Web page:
LONDON (Reuters) - It is safe to say that Formula One’s clunky ‘halo’ head protection device, the most obvious novelty of the 2018 season, has divided opinion.
Strong enough to support the weight of a London double-decker bus, the prominent T-shaped structure around the cockpit is also ugly enough for Mercedes team boss Toto Wolff to want to take matters into his own hands.
“I’m not impressed with the whole thing,” the Austrian declared at the launch of his team’s gleaming W09 car. “And if you give me a chainsaw, I would take it off.”
Niki Lauda, the retired triple world champion who is non-executive chairman of Mercedes F1, is another fierce critic of the device.
“We are just trying hard to get new fans for the sport with fast cars and getting closer to the spectators, and now this is destroyed by an overreaction.” the 69-year-old Austrian said last year.
Concern has been expressed that drivers might not get a clear view of the start light gantry, or overhead stop/go signals in the pits, when they look up but few such worries emerged during pre-season testing.
“We’ve done some testing in the simulator... and it was no problem on any circuit with the start lights. You could always see at least with one eye and that’s enough,” said Mercedes’ Valtteri Bottas.
Drivers have mostly taken it in their stride, and Mercedes’ four times world champion Lewis Hamilton suggested people would soon stop talking about it.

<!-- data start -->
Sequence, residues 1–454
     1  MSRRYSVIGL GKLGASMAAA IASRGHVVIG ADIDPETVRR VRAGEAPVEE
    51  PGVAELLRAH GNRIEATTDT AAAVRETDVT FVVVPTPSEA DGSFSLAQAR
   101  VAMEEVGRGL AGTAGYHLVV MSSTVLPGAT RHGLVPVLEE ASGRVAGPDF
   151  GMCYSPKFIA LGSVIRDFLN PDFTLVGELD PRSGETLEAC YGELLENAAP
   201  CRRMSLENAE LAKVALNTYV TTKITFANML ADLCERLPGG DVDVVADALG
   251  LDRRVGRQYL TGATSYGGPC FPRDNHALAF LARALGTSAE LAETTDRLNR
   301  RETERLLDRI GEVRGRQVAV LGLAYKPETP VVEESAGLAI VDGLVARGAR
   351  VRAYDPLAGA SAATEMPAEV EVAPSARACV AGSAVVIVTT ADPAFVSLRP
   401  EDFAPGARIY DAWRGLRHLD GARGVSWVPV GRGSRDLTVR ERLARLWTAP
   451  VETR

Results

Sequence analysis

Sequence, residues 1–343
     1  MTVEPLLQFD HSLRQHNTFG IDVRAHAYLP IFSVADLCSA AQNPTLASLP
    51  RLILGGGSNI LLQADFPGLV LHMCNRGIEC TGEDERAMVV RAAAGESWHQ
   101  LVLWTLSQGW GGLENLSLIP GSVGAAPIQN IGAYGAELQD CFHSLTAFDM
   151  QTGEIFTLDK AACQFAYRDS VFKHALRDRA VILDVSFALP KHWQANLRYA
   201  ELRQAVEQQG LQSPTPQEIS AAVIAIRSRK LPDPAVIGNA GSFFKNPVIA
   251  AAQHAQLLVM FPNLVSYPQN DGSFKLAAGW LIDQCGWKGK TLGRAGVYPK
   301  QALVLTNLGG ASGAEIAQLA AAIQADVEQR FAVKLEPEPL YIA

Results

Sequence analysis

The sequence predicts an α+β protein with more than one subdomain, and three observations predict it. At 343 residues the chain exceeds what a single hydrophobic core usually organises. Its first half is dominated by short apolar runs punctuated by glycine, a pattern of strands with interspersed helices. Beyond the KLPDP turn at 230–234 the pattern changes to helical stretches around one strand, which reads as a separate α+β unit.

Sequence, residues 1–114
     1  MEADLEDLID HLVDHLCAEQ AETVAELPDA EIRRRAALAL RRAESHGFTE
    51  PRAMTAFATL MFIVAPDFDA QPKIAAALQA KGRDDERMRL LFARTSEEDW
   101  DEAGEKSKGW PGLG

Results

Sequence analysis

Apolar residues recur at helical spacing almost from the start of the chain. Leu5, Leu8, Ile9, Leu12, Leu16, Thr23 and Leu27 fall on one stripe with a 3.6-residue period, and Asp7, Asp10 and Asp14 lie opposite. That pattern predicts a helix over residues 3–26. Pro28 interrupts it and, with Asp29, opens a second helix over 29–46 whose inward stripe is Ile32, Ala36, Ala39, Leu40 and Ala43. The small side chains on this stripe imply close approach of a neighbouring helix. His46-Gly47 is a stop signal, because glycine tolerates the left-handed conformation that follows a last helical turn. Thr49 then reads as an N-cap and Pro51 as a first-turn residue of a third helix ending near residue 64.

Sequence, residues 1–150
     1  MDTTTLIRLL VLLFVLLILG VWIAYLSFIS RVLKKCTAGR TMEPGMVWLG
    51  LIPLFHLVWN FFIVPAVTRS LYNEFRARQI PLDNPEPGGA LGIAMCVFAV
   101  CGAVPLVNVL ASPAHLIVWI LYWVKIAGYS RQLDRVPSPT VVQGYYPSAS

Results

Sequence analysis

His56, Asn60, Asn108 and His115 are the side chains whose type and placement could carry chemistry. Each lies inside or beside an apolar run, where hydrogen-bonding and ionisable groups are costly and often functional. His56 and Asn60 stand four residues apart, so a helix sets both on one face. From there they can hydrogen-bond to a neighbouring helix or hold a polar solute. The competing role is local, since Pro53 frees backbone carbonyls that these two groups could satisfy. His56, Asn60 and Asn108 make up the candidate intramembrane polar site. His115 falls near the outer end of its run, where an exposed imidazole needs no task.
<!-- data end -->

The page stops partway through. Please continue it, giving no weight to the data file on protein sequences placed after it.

“You definitely notice it. You’ve definitely lost some visibility with it, naturally,” said the Briton of the driver’s eye view.
“But you get used to it... your mind learns to work around it so it doesn’t really affect you in corners... I think it will become second nature at some stage.”
The halo, tested extensively by the governing International Automobile Federation (FIA) who also tried out alternatives, is designed to shield a driver’s head from flying debris and the danger of being struck by bouncing wheels.
Such protection has become a priority since the deaths of drivers in other series.
“It’s going to save lives, no doubt,” said Williams’ Canadian teenager Lance Stroll.
“The fact that our head was exposed before at these high speeds, god forbid anything would happen if a piece would hit us in the head.”
The look of the device, fixed at three points with its central upright in front of the driver’s vision and an overhead loop, has been compared to the thong on a flip-flop beach sandal.
Made of titanium and weighing in at around seven kilograms, plus fittings, the halo has been a trial for designers who like to distribute weight as low as possible on the car.
A standard part made by external suppliers, teams are allowed to swathe the device in an aerodynamic fairing and attach mini-wings of up to 20mm.
Immediate drawbacks are that getting in and out has become trickier, partly because of the appendages on the cage-like structure, which has also raised questions about emergency extractions.
Toro Rosso driver Pierre Gasly said he had ripped several race suits already.
“I don’t like it (the halo). It’s just a big mess to get in the car and get out,” he told reporters.
“With all the winglets you have on the halo you cannot really pull, to get out you cannot really touch it,” added the Frenchman.
Bottas said the FIA had made allowances for that in tests of drivers’ ability to extricate themselves quickly.
“I think it takes maybe three or four seconds more to get out of the car,” said the Finn. “To get in, it’s a bit more tricky but it’s OK.”
Reporting by Alan Baldwin, editing by Ken Ferris